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Tax Evasion and a Statute of Limitations Defense

Brief Synopsis: The statute of limitations for a tax evasion charge begins to run after the last affirmative act in furtherance of the evasion, which may not be the filing of the tax return (as most people would think), as the following Ninth Circuit case exemplifies and explains.         
On July 25, 2001, Craig P. Orrock, a former Internal Revenue Service attorney, persuaded his friend, Roger Thompson, to purchase a vacant lot in Nevada, known as the “Arville” property.

Thompson purchased the property for $80,000 and, at Orrock’s direction, transferred ownership to Arville Properties, LLC, a company set up by Orrock and managed through another entity solely owned by Orrock. 

On February 21, 2007, Orrock, through Arville Properties, sold the Arville Property for $1.5 million.  In Orrock’s 2007 personal tax return, which Orrock filed on February 19, 2009, he did not report any income from the Arville property sale.

In February 2011, an IRS revenue agent began a civil audit of Orrock’s 2007 personal tax return. 

In May 2011, Orrock filed a tax return for Arville Properties, reporting a sale price of about $1.4 million and a tax basis of about $1.2 million and a gain of only $200,000.  In reality, the sale was for $1.5 million and only had a basis of about $90,000.

On April 12, 2016, a grand jury indicted Orrock on three tax felonies: 1) evasion of the payment of taxes under 26 U.S.C. § 7201; 2) evasion of assessment of taxes also under § 7201; and 3) obstruction of the administration of tax laws under § 7212(a).  The government contended Orrock received $914,433 in taxable income from the sale.  Such income would lead to a $314,483 tax liability for Orrock.  In Orrock’s 2007 personal tax return he did not report this at all.

The Tax Code makes it a felony to “willfully attempt in any manner to evade or defeat any tax . . . or the payment thereof.”  26 U.S.C. § 7201.  A person may violate § 7201 in two ways: (1) by evading the assessment of taxes or (2) by evading the payment of taxes.  See United States v. Mal (9th Cir., 1991) 942 F.2d 682, 689 (“[Section] 7201 proscribes a single crime – tax evasion – which can be accomplished either by evading the assessment of tax or the payment of tax.”). 

To obtain a conviction under § 7201 under either theory, the government must prove three elements: “1) the existence of a tax deficiency; 2) willfulness; and 3) an affirmative act of evasion or affirmative acts to evade.”  United States v. Carlson (9th Cir., 2000) 235 F.3d 466, 468.

A jury later convicted Orrock on all three offenses.

Orrock moved pretrial to dismiss the evasion of assessment count based on the six year statute of limitations (26 U.S.C. § 6531(2)), arguing that more than six years passed from Orrock’s February 19, 2009, personal tax return filing and the April 12, 2016 indictment.  The district court denied his motion, holding that because the government sufficiently alleged that Orrock committed an affirmative act on evasion in May 2011 with the filing of the Arville Properties tax return, the indictment fell within the six-year statute of limitations.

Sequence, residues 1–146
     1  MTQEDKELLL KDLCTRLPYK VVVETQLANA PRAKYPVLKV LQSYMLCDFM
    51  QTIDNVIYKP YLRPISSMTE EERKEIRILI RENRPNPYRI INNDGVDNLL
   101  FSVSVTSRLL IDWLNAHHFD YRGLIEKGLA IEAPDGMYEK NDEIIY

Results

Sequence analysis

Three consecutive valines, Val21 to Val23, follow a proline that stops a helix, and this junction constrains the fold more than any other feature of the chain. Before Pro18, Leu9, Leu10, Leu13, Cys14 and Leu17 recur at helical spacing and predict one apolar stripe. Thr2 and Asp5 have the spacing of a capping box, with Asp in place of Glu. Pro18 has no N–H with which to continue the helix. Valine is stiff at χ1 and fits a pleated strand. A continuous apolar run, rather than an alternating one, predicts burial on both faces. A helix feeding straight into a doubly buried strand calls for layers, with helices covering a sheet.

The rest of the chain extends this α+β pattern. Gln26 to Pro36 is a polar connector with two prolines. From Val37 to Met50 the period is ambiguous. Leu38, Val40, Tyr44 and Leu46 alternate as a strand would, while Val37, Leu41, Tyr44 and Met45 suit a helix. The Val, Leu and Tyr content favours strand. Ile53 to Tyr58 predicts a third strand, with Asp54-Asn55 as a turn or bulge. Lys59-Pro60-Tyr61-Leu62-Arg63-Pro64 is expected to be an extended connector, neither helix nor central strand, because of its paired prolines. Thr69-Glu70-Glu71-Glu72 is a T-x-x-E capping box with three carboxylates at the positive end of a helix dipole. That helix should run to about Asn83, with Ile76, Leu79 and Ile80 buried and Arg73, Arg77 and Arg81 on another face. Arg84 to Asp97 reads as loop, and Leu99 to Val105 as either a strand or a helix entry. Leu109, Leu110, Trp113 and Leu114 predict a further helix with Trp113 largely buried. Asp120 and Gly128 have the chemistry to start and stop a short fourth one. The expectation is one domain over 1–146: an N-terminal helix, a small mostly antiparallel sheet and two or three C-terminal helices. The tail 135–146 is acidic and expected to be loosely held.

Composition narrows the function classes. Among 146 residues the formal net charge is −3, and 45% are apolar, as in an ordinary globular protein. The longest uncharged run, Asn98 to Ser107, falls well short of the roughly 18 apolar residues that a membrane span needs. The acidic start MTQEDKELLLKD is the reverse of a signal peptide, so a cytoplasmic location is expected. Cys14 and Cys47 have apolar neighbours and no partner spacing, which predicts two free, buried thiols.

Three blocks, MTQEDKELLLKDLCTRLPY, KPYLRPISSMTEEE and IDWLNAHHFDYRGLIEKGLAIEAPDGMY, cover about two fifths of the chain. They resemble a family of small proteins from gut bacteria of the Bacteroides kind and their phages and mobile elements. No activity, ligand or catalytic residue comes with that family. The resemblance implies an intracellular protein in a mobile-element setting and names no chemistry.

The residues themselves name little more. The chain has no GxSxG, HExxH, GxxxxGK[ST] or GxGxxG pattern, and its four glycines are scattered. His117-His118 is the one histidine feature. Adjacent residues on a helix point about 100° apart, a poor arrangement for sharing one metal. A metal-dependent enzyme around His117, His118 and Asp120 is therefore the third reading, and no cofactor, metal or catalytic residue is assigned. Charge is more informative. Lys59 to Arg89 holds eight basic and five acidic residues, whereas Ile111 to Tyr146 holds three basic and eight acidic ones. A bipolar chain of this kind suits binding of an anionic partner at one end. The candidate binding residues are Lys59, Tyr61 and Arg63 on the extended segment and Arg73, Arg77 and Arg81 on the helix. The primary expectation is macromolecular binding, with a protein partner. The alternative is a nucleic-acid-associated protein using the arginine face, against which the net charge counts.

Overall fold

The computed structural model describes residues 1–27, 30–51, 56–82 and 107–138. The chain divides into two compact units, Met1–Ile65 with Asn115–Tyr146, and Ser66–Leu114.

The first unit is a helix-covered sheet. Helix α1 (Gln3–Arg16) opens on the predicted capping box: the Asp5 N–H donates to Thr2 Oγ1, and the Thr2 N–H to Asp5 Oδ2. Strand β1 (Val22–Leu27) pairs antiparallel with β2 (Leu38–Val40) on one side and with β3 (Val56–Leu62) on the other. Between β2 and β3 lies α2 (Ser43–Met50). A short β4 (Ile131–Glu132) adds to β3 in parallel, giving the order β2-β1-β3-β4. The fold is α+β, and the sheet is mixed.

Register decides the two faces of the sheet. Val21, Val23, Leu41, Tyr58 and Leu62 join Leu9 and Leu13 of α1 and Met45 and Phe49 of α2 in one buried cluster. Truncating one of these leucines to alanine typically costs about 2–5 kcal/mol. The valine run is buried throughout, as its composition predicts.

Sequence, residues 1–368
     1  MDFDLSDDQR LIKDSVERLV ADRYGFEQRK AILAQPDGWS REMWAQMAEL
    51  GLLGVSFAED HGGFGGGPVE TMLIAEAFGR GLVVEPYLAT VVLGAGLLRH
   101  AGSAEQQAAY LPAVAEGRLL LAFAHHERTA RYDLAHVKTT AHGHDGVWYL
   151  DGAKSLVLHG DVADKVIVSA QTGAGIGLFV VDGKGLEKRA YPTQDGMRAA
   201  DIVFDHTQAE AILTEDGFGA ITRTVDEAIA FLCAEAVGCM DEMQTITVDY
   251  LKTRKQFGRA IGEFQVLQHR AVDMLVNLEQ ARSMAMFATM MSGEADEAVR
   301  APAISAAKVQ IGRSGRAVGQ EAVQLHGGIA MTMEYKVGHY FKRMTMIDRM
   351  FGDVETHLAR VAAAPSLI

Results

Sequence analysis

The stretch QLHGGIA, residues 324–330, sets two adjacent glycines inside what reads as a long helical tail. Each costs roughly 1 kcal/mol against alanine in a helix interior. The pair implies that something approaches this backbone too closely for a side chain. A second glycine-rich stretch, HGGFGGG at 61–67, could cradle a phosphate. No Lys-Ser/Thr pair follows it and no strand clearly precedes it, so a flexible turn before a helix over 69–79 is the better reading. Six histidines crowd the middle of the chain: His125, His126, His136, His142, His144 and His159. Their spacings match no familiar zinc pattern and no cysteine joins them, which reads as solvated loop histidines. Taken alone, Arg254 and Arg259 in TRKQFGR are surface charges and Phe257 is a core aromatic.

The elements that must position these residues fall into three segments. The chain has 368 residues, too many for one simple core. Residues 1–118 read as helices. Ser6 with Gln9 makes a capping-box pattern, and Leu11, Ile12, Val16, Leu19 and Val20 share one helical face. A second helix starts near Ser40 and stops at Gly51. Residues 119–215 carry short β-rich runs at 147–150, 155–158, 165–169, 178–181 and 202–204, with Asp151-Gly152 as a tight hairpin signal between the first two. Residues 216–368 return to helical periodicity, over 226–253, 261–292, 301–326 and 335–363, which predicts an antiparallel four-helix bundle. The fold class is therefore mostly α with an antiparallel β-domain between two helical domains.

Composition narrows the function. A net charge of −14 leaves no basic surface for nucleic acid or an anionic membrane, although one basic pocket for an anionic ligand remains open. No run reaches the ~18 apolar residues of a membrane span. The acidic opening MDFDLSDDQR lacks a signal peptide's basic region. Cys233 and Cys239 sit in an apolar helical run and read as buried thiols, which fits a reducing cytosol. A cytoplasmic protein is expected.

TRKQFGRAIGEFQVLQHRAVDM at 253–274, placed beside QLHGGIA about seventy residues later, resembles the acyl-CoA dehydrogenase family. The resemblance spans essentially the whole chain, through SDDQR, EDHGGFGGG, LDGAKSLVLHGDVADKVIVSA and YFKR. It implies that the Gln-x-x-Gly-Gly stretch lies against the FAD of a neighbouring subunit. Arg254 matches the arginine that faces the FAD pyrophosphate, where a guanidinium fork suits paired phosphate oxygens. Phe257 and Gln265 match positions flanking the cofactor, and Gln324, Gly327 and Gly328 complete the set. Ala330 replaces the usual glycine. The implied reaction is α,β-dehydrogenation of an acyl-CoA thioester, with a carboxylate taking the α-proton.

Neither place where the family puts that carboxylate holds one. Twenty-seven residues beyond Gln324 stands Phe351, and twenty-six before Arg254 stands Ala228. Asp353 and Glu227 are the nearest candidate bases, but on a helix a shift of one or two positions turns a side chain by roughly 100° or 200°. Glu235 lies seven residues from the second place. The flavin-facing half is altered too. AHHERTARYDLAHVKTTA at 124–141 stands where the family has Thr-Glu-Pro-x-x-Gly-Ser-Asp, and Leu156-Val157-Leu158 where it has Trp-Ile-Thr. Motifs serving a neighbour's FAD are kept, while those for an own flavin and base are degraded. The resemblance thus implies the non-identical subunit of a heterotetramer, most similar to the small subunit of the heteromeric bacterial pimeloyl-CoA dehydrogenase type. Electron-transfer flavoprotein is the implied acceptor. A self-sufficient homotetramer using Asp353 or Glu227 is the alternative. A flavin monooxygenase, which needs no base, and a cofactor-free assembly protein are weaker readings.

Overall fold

After Orrock’s conviction, Orrock appealed the denial of his motion to dismiss on statute of limitations grounds to the U.S. Court of Appeal for the Ninth Circuit in San Francisco.  Even though the case arose in Nevada in U.S. District Court, it falls within the Ninth Circuit, so the ruling in this case would control similar conduct and the same issue in California.

On appeal, Orrock argued that any further act of evasion, such as his filing of the Arville Properties tax return in May 2011, cannot extend the limitations period.  If Orrock’s interpretation was correct, the limitations period expired in February 2015 and the indictment in March 2016 was more than 13 months too late.

The government opposed Orrock’s argument by stating that the limitations period can run from the last affirmative act furthering the tax evasion, meaning the May 2011, meaning the government’s filing of the indictment was 13 months prior to the expiration of the six-year limitations period.

The Ninth Circuit sided with the government’s interpretation, pointing to the May 2011 return as a further affirmative act of evasion, so the statute of limitations was not exceeded.

The ruling from the United States Court of Appeals for the Ninth Circuit discussed above is United States v. Craig P. Orrock (9th Cir, 2022), however, the ruling is marked as “Not for Publication,” so it may not be cited directly as authority.

For more information about common issues in federal court involving financial crimes, please click on the following articles:
We bring this article to the reader’s attention, as tax evasion is a complex area of the law, but his reported decision is relatively clear to understand.
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